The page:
A very interesting, and in many ways disturbing book. At times very grotesque and nauseating, which worked well in the story, and at the same time weren't too overwhelming. I think the issues were explored well, and the satire successfully conveyed.
However, like a lot of satires, I also at times felt like I were being hit over the head with the message. I am very aware of the problematic aspects of our culture, and the possibility of the culture described in Feed, it's something I think about quite often. So that might've added to the fact that I felt a bit like Anderson was feeding me his point. It didn't need to be spelled out quite so detailed, I felt.
There is of course the fact that satires are meant to do exactly what Anderson did - they mean to convey a specific point. And Anderson did that indeed, so I'd rate it a success in that regard. Still I felt the actual story (plot) and the characters suffered a bit from being more like props than actual characters with problems and dreams and ambitions, in Anderson's quest to get his message out there. Satires and such can be gripping and thought provoking at the same time. Books like 1984 and Brave New World does what Anderson tried to do, in a more effective, and gripping way. They make the readers sympathetic to both the message AND the characters and their plight. As it was I developed only slight sympathies for any of the characters in Feed, and what plot there was didn't prod me to read like a lot of other books do.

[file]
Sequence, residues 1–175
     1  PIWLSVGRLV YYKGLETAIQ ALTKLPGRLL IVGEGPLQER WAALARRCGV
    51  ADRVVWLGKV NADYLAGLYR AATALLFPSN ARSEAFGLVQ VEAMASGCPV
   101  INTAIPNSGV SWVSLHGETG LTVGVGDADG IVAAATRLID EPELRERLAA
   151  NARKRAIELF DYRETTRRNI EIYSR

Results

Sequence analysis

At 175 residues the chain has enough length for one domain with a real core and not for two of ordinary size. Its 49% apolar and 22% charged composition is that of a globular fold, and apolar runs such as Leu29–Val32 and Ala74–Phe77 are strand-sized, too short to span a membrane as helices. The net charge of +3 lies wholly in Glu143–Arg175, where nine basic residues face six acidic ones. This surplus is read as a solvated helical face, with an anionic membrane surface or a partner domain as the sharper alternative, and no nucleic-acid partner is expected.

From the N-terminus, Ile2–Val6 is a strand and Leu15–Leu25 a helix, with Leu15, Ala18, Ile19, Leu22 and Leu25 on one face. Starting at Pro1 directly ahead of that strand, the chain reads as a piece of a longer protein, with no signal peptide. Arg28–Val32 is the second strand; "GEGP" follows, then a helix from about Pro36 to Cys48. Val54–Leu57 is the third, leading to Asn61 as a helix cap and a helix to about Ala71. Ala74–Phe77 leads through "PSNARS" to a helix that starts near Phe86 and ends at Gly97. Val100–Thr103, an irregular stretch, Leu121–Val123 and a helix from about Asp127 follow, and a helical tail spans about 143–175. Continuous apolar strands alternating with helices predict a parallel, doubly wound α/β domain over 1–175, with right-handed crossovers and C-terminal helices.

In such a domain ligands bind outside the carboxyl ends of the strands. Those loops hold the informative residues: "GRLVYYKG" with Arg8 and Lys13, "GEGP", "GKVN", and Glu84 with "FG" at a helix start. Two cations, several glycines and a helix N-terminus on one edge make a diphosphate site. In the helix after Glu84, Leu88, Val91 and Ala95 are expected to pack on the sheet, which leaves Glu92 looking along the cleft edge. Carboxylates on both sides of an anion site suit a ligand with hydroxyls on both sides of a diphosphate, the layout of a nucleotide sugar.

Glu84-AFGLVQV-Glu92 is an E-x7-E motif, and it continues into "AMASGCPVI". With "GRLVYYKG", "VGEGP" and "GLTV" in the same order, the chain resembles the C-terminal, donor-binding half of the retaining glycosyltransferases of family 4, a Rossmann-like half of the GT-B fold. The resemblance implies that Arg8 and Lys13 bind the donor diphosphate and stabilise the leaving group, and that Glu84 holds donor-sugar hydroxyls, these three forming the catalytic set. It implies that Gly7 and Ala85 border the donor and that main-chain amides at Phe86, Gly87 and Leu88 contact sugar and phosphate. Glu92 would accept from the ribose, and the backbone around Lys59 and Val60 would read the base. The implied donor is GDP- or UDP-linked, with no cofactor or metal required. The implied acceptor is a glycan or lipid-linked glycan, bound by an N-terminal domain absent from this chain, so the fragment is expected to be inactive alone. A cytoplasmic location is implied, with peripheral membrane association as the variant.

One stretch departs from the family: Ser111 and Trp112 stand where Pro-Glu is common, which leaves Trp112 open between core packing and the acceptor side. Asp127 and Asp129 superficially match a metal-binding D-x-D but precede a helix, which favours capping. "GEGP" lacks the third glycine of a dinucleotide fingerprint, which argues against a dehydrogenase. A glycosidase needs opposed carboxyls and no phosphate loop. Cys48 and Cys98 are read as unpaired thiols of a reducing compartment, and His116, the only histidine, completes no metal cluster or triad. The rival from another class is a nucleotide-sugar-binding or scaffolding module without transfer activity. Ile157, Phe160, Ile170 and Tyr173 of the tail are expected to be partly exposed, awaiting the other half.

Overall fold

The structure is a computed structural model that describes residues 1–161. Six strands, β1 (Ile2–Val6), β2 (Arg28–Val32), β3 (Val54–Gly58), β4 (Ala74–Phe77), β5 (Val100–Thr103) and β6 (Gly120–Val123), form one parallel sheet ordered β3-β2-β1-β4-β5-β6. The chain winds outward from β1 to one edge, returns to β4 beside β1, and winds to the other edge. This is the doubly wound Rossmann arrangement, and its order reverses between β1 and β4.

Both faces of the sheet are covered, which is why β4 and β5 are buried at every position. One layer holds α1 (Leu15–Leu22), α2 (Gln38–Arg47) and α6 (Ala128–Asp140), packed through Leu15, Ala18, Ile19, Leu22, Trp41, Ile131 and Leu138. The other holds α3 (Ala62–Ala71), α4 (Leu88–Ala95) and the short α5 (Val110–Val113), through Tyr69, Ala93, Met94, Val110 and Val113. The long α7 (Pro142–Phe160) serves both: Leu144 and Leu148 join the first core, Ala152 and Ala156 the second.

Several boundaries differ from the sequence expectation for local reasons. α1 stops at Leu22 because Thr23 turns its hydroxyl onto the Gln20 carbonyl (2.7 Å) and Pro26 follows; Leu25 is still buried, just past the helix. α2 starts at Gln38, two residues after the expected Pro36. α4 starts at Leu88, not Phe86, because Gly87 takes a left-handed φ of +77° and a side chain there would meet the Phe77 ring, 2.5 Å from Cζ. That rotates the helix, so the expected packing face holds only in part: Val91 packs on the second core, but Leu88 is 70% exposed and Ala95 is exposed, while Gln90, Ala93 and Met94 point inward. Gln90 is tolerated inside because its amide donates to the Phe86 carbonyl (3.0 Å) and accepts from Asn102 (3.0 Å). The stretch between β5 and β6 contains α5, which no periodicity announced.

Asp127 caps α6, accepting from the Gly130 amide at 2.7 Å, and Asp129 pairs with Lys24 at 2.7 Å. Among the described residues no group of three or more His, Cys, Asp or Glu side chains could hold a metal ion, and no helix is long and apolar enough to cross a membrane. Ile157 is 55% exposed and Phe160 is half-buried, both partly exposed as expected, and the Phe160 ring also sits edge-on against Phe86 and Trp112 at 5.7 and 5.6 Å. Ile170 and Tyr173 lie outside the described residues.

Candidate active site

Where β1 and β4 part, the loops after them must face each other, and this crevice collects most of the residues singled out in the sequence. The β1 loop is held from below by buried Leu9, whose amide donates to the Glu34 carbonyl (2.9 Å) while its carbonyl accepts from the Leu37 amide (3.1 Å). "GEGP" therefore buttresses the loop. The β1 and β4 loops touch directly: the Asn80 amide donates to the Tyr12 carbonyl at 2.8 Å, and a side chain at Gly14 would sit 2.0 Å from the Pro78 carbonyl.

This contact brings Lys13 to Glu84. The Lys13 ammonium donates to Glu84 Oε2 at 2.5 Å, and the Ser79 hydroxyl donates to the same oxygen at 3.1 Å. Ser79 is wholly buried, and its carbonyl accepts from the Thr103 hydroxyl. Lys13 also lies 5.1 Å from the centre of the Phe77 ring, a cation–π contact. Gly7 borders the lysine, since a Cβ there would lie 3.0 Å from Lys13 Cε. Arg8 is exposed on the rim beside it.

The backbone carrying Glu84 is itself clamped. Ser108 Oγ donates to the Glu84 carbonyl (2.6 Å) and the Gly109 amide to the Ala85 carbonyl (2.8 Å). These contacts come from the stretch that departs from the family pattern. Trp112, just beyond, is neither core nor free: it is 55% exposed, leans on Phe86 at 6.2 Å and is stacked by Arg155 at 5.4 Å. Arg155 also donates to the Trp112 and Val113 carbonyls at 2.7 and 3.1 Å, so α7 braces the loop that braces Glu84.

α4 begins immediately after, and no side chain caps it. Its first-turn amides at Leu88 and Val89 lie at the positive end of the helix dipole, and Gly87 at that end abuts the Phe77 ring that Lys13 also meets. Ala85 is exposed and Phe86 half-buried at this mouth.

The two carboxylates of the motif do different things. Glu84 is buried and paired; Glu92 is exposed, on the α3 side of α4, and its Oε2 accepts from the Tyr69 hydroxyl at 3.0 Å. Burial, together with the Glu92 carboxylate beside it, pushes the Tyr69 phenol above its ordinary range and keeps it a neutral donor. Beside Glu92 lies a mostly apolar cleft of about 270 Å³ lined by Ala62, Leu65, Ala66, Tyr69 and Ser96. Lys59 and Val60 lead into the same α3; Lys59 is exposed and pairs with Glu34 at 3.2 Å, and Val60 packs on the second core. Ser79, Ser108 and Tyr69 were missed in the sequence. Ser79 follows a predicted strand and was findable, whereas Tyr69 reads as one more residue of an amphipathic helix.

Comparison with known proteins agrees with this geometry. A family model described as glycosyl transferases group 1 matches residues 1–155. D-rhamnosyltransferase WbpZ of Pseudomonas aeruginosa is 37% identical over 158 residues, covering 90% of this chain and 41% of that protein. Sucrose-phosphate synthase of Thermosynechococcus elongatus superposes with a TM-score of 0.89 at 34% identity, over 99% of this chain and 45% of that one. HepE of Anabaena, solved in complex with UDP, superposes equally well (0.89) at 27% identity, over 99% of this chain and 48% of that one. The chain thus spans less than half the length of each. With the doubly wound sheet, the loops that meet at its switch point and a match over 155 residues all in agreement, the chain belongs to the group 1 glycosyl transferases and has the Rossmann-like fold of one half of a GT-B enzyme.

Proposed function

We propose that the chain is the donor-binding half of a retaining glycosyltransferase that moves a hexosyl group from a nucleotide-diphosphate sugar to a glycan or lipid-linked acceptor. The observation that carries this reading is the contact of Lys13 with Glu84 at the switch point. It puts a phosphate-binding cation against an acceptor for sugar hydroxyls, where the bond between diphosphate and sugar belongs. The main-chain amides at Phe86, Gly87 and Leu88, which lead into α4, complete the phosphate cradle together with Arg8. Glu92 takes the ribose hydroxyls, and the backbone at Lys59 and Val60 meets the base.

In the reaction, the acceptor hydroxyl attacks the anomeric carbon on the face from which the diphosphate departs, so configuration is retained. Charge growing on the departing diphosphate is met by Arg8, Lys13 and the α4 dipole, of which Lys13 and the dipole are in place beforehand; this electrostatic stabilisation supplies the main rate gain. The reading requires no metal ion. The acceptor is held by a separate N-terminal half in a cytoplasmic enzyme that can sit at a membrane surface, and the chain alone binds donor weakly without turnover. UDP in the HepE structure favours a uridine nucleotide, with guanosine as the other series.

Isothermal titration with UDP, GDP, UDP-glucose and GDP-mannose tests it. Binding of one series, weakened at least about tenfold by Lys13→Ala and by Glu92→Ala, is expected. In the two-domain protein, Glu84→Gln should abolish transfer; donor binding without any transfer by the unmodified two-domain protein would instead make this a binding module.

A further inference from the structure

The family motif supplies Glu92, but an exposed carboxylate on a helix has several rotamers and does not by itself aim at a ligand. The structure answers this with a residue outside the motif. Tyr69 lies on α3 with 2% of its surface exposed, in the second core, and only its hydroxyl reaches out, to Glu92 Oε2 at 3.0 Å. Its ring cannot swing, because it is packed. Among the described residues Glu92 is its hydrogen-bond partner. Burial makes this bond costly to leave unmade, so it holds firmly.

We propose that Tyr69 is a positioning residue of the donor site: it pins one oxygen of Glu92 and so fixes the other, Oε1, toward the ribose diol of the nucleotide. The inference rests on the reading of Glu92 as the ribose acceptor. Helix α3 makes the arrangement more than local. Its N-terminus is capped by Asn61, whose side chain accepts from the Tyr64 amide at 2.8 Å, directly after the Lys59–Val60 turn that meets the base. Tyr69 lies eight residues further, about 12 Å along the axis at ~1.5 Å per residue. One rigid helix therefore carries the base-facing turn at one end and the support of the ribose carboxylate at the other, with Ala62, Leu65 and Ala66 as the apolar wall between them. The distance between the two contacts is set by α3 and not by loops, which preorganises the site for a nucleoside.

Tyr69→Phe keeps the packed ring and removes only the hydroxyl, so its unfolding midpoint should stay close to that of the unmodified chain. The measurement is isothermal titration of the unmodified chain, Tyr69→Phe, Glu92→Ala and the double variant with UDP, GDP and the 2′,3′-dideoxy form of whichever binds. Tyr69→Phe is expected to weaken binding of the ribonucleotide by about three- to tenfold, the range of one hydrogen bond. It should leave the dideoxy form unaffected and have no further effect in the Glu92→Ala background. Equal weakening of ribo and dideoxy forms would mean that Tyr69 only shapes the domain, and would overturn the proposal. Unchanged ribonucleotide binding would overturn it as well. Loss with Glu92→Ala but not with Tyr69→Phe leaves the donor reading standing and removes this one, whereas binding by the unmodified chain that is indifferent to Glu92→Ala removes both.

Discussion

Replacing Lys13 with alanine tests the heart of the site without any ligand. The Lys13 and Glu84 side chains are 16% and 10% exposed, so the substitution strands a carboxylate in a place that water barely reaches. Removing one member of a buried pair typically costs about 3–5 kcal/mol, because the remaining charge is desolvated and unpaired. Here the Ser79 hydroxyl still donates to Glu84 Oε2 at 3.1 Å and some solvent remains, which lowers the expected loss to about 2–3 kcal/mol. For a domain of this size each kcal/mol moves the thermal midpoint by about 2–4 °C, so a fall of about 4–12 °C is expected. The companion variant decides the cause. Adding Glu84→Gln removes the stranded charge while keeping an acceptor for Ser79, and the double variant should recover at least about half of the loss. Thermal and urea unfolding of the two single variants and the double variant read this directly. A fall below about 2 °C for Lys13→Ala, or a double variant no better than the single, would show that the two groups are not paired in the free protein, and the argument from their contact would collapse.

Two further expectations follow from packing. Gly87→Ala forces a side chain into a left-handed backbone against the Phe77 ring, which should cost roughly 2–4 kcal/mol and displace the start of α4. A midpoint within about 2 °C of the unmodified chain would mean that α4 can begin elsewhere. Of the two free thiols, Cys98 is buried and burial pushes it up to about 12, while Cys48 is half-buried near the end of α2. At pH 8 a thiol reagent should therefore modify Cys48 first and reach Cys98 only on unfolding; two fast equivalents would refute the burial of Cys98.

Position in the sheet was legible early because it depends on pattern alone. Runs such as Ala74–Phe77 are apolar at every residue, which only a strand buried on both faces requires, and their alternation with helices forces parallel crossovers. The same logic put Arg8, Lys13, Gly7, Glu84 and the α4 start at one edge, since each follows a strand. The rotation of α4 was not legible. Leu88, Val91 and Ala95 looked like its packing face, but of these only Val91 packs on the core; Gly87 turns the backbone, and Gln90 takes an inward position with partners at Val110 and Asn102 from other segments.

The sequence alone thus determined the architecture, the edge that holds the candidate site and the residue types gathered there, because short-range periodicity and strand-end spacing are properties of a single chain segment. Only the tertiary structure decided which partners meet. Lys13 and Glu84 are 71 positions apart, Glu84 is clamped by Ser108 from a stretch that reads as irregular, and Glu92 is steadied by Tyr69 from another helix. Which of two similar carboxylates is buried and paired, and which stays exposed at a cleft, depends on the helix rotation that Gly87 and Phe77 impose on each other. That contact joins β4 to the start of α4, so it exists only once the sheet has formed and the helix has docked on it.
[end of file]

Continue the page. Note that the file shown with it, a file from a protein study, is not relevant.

Still - not a bad book. This review seems very negative upon reread, but I liked the novel, overall.